Monday, April 14, 2014

The Mystery Of The Yellow Room by Gaston Leroux

The Mystery of the Yellow Room has been on my to-do list for a while. It was only after the recent Jonathan Creek s05e01 (which centres its plot around a theatre production of the book) that I was finally ready to take the plunge.

There were two things holding me back, which will also pop up in the review below.

  • It's French. Now I have nothing against the French (though being based in Ireland I contractually do have to hate Thierry Henry), but translation combined with over 100 years of language evolution can make for some tricky reading.
  • It's a book. A full book. I've always felt that locked room mysteries fit the short story format better than long form. However eye-opening or elegant the solution may be I feel it's rarely worth the commitment required to make it all the way through a feature length. This may also be why the genre has been translated to TV much more successfully than it has to cinema.

The Mystery of the Yellow Room

The book is available to read for free at Project Gutenberg. If you want to read on your Kindle you can download it here (send to Kindle instructions here).

Author: Gaston Leroux
Date: 1908
Word Count: 74,000 (about 300 pages)

Review (contains spoilers)

The mystery at the heart of the book involves an attempted murder within a locked room (which happens to be yellow). There are some other smaller puzzles, mainly involving disappearing assailants and over-complicated floor plans, however the crux of the story follows detective Rouletabille and his "Watson" Jean Sainclair as they compete with notorious detective Frederic Larsan to solve the crime.

One of The Mystery of the Yellow Room's floor plans.
As soon as I started reading I came across the first hurdle - the language. Whether it is the translation, the intervening years or the original text, I found it difficult to follow. The opening chapters aren't overly clear who is who and how the narrator fits in to proceedings. I was able to pick it up as it went on, but even in later chapters the intricacies of where detectives/suspects/victims were during key events (and the descriptions do get quite intricate) were a struggle to track.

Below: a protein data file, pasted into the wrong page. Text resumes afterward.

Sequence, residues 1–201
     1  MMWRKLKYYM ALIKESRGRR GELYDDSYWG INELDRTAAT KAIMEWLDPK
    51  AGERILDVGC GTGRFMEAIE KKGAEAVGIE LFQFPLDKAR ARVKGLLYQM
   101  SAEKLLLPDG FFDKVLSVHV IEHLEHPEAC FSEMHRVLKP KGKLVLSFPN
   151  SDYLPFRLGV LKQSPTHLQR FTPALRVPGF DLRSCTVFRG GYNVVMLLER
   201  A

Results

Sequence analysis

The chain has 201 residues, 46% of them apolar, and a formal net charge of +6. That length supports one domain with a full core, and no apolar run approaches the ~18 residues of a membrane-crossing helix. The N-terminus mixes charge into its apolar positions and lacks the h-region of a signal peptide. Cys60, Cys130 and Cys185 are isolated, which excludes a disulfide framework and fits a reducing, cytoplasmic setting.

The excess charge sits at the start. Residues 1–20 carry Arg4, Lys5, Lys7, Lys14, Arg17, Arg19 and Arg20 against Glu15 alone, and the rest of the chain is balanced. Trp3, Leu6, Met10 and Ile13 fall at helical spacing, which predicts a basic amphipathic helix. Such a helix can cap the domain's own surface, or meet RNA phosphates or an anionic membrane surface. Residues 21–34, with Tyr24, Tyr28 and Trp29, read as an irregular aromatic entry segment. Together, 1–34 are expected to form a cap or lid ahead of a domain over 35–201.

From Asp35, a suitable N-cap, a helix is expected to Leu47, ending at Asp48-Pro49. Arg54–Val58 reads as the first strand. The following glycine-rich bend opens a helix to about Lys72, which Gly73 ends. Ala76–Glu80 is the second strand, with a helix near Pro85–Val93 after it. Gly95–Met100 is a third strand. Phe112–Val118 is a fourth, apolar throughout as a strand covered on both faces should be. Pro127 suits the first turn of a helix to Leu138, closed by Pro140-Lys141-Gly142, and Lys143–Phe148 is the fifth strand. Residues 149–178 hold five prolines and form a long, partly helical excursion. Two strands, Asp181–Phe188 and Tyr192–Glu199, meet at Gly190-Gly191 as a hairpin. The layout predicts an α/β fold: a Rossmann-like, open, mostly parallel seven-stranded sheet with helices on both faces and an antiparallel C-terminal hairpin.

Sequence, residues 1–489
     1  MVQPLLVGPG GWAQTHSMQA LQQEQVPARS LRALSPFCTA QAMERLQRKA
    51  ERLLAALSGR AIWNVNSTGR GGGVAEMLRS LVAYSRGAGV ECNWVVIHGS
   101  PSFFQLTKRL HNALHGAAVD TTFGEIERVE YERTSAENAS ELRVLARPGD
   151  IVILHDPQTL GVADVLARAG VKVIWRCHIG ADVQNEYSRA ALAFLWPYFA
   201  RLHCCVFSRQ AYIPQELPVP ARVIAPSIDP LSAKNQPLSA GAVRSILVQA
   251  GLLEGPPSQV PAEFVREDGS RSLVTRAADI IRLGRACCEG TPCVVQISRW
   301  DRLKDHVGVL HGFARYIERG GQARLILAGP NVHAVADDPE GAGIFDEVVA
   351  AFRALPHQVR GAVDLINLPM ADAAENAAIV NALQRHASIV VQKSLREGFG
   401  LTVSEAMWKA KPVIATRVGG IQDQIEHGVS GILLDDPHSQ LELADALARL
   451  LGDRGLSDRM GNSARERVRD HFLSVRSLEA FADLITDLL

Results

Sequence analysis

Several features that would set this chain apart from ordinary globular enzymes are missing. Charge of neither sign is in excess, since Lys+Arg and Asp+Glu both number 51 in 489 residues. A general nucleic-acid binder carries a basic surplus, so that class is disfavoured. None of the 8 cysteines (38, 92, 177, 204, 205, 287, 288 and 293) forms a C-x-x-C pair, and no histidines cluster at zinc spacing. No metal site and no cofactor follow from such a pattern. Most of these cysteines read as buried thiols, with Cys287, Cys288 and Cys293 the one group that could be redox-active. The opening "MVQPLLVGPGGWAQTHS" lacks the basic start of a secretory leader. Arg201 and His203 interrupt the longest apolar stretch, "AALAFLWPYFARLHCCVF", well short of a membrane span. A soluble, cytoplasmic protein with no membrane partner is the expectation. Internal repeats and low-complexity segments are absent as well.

The second of my concerns (my limited attention span) wasn't too much of an issue until the final few chapters. Many of the classic impossible crime short stories feature brilliantly cunning solutions, and as I was approaching the end of the book I was expecting something special. As mentioned above, I feel the time investment involved with reading a book warrants something above and beyond what a short story can provide. It's here that I came away somewhat disappointed. The Mystery of the Yellow Room does feature a few unexpected twists, however many rely on a thorough understanding of building layout and can easily lose their impact. It also commits what I consider to be a cardinal sin - the victim was in on it. A number of locked room mysteries feature suicides or assisted suicides, however here the victim continues to intentionally mislead the reader after the crime is committed. This leads the solution more towards a "whodunnit" rather than the genre staple of "howdunnit". In this regard the book does pull off a clever "who's the culprit?" twist before the credits roll.

I couldn't help feeling a little let down by The Mystery of the Yellow Room. While it is credited as being one of the first of its kind, the solution - the attack occurred prior to the room being locked - has been done better by more recent authors.

4/10 - Later works may have copied Leroux' ideas, but they did it well.

If you'd like to purchase a paperback copy or official Kindle edition of The Mystery of the Yellow Room, the book is available on Amazon (UK) and Amazon (US).

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